The House Appropriations Committee yesterday rescued the Federal Trade Commission from a possible shutdown this weekend as it approved a 45-day extension of the agency's temporary funding.
The FTC's spending authority runs out tomorrow, the latest in a series of money cutoff deadlines that Congress imposed on itself to speed settlement of a three-year dispute over the controversial regulatory agency's powers.
But, encouraged by the committee's action, the commission notified its 1,700 employes to come to work as usual next week, even though the money won't officially be in hand until the new interim funding bill is approved by the House and Senate. Approval by the two houses is expected sometime next week, according to congressional sources.
Even though the money continues to flow, however, the FTC's problems will be far from over.
The 45-day extension was designed to give House and Senate conferees time to resolve their differences over commission's powers. Both chambers have approved by legislation curbing the FTC's authority to impose consumer protection rules on private businesses, but the bills differ sharply.
The conferees held their first meeting yesterday but failed to agree on anything more than an appeal to House and Senate to give prompt approval to the interim money bill.
When discussion turned to the issue of a one-house congressional veto of FTC rules, which the House is demanding over strong opposition from the Senate, Rep. Harley O. Staggers (D-W.Va.), chairman of the conference committee, diplomatically adjourned the meeting. The conferees will not meet again until March 26 to consider staff-drafted proposals for compromise.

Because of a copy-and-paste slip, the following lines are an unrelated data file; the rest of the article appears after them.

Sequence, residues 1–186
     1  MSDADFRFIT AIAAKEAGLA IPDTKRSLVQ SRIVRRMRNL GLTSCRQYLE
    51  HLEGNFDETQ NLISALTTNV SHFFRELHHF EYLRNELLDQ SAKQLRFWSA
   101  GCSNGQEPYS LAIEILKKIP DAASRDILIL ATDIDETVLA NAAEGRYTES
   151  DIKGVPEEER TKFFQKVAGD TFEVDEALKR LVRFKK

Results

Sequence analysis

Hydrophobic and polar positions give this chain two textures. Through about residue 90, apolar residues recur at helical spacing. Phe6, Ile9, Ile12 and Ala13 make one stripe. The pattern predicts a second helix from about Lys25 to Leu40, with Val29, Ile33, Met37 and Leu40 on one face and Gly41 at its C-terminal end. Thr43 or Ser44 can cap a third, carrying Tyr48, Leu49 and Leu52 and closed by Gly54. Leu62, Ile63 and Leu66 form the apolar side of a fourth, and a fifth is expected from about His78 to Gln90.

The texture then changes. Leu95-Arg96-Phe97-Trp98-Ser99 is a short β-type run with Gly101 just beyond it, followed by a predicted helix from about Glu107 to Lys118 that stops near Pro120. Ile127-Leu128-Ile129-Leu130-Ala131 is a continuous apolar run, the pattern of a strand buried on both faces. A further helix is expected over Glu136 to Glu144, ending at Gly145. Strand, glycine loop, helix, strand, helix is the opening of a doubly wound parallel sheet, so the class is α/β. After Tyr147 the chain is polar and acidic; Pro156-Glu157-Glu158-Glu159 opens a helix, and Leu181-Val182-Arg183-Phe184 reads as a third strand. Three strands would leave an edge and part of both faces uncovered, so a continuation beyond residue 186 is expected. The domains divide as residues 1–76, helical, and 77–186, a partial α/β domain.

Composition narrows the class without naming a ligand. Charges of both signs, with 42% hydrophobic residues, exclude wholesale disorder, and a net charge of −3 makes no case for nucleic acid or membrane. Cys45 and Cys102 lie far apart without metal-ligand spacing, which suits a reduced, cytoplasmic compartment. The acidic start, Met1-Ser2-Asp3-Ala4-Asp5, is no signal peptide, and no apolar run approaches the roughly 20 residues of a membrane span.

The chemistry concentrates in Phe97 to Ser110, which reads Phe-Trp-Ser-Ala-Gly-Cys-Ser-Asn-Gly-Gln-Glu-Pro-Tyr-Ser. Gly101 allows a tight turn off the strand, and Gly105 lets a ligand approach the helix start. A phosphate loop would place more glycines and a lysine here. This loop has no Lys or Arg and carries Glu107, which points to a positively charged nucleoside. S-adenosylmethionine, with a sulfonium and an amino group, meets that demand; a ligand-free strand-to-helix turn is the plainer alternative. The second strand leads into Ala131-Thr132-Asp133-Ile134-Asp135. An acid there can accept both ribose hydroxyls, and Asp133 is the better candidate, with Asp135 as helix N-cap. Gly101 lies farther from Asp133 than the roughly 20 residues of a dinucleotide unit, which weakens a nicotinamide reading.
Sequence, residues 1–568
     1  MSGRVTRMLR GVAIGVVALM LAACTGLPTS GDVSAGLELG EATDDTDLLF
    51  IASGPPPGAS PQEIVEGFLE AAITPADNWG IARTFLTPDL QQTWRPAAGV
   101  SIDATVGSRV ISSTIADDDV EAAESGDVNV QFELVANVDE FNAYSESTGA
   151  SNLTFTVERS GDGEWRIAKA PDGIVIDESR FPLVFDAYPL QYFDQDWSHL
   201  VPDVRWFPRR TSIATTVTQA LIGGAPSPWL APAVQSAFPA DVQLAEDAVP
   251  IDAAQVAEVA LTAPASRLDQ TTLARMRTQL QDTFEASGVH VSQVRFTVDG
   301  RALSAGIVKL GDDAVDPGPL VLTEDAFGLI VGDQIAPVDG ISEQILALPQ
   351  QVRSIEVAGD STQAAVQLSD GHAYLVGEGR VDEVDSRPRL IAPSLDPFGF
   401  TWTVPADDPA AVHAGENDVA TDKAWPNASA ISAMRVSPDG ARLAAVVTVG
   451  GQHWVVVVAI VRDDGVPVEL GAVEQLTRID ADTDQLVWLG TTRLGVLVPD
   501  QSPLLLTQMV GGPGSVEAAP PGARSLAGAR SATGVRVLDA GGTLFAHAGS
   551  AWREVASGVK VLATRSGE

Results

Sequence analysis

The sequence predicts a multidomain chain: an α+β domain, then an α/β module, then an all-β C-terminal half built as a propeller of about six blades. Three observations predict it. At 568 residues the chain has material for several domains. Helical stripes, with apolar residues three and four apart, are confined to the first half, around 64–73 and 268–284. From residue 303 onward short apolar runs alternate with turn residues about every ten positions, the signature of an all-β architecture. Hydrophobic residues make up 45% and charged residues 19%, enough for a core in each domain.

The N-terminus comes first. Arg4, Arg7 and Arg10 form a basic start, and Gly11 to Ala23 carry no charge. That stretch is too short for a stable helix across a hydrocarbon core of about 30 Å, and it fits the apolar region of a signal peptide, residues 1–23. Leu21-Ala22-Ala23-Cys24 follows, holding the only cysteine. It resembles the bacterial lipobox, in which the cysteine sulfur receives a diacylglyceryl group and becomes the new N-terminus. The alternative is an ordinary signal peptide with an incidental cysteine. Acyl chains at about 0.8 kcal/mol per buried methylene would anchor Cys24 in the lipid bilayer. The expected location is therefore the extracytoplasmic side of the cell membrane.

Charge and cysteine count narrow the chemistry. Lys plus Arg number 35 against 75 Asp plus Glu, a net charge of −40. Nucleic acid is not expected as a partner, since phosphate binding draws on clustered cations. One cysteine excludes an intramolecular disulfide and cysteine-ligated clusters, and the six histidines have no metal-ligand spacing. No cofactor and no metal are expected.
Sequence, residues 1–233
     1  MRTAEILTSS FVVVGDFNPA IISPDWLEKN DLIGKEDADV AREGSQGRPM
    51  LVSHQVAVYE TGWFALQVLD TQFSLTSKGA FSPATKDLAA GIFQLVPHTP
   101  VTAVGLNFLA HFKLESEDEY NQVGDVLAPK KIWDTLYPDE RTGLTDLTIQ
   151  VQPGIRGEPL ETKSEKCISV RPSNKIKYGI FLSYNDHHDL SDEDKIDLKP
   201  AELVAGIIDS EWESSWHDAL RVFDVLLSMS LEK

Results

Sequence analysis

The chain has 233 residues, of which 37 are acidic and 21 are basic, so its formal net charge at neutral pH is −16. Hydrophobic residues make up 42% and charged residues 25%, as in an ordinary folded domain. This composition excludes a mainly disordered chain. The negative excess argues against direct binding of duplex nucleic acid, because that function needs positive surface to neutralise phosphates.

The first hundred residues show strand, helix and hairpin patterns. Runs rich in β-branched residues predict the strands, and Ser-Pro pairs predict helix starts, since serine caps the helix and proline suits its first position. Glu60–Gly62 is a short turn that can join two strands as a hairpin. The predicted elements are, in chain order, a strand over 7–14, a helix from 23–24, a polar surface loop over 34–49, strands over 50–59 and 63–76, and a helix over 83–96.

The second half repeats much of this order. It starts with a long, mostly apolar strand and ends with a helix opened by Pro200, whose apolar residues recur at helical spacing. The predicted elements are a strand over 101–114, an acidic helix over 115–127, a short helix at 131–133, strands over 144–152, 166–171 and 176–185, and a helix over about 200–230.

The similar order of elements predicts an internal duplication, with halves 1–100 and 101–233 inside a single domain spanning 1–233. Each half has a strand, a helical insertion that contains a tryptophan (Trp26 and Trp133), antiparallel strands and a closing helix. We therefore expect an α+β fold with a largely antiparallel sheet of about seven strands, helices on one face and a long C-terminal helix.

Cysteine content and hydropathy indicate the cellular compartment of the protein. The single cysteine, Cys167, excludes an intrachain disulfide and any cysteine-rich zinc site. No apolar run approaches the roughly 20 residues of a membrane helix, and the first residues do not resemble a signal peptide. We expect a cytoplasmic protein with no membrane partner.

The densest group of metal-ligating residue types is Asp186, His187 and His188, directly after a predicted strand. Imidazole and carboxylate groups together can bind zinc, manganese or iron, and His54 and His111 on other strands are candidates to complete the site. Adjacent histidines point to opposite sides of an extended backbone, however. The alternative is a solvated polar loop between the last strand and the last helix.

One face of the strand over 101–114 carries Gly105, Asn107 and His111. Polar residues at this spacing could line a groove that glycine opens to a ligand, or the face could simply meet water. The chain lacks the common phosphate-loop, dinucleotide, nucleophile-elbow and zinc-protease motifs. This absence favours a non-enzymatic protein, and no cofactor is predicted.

Along with the one-house veto, the House Bill would keep the FTC from regulating the funeral industry and agricultural cooperatives such as Sunkist Growers Inc., which it has been investigating for two years. The Senate bill contains a milder two-house legislative review procedure but would ban proceedings involving children's advertising on television, used car sales, the insurance industry and industry groups that set voluntary product standards.
When Sen. Wendell H. Ford (D-Ky.) suggested that the one-house veto issue be put off to the last, Rep. James H. Scheuer (D-N.Y.) objected strongly, saying there would be no bill without a veto provision. If a veto was the only issue, "then we can quit now," retorted Ford.
The exchange did not appear to bode well for a compromise advanced earlier in the day by Rep. Richard L. Ottinger (D-N.Y.), who proposed a two-house legislative review procedure with safeguards for assuring prompt action. He would drop the one-house veto and all the single-industry provisions.
Ottinger's proposal was endorsed by many consumer groups and appears to meet Carter administration objections to both the Senate and House bills, but it would require a sharp reversal of the anti-FTC tide in Congress to win approval.
The interim funding bill makes no changes in existing restrictions on the FTC, which bar new investigations and rule making by the agency until its powers are clarified. The Appropriations Committee rejected a proposal to add additional curbs contemplated by the Senate and House bills.
One possible hitch to passage of the funding measure is the current moratorium on any new spending bills that was triggered when Congress exceeded its fiscal 1980 budget ceiling earlier this month. But legislative leaders were working yesterday on ways of circumventing the spending ban and expressed optimism that a way could be found.